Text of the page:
October is Health Literacy Month

October is Health Literacy Month 

It’s estimated that more than 90 million Americans have low health literacy, which means they may not be able to understand health information, make informed choices about their care, navigate our complex health care system or communicate effectively with their health care team or families. This can lead to confusion, compromised patient safety and costly medical mistakes.

Low health literacy can affect anyone, even those with a college degree or a career in health care.

The Joint Commission calls upon health care providers to provide effective communication for patients and families and to integrate health literacy concepts into their day-to-day practice. However, not all providers have the needed health literacy skills or training to do so. Listed below are several strategies for promoting health literacy and resources which can be helpful to all health care professionals, regardless of their familiarity with the subject.

Strategies to improve health literacy focus on improving written and spoken communication, self-management and empowerment and supportive systems. Here are some things you can do: 

Spoken Communication

  • Give the most important information first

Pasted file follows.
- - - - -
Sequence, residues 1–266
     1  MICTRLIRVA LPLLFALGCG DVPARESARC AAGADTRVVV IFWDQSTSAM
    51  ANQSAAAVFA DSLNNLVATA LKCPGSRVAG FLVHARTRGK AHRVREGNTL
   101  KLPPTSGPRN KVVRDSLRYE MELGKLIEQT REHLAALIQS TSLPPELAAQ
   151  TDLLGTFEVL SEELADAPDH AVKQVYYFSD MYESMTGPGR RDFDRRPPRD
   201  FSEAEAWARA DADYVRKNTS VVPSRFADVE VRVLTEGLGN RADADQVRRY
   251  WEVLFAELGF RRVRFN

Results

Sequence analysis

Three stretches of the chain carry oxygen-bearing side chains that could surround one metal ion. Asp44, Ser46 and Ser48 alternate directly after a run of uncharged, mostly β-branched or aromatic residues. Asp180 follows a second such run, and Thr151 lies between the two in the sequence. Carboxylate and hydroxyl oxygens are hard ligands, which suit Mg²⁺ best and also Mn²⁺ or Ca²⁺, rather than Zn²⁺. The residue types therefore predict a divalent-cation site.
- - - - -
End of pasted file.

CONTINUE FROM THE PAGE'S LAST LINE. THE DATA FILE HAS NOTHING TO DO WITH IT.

• Use plain non-medical language instead of medical terms
  • Limit and repeat content
  • Slow down
  • Always use the Teach-Back Method - confirm that patients understand what they need to know and do by asking them to explain back important information in their own words.

Written Communication


  •  Focus on need to know or need to do information.
  • Use active voice and plain language – write information that is easy to understand.
  • Keep sentences short and words to 2 syllables or less when possible.
  • Test your document’s reading level although be aware that reading level alone is not a guarantee that a document will be easy to read. Learn more about writing and designing easy-to-read materials for patients or work with someone who is trained in this area.
  • Ask patients to evaluate your forms and other written materials. User feedback is key.
  • Be careful when using numbers – many people struggle with limited numerical literacy as well. 


  • Use font sizes between 12 and 14 points. For headings, use a font size at least 2 points higher than the main text.
  • Leave lots of white space on the page – at least ½ inch to 1 inch for margins and between columns.
  • Use headings and sub-headings to help break up the text and group key messages together.
  • Break up text with bullet points but be careful not to use too many.
  • Use visuals - make sure they are easy-to-understand and culturally relevant and sensitive. 

Self-management and empowerment

  • Encourage questions – patients may not feel comfortable asking questions or they may feel you’re too busy. Asking patients what questions they have and saying you have the time to answer them can be very helpful.
  • Use open ended questions such as: “What other questions do you have?” or “This information may be very new to you and I expect you have some questions. What would you like to know more about?”
  • Use body language to invite questions – sit, don’t stand.
  • Look at patients when talking and listening – try not to interrupt. 

Supportive systems

  • Assess each patient’s needs and support system.
  • Link patients to other support systems when needed, such as social work and financial counselors. 

Source: AHRQ Health Literacy Universal Precautions Toolkit, 2nd edition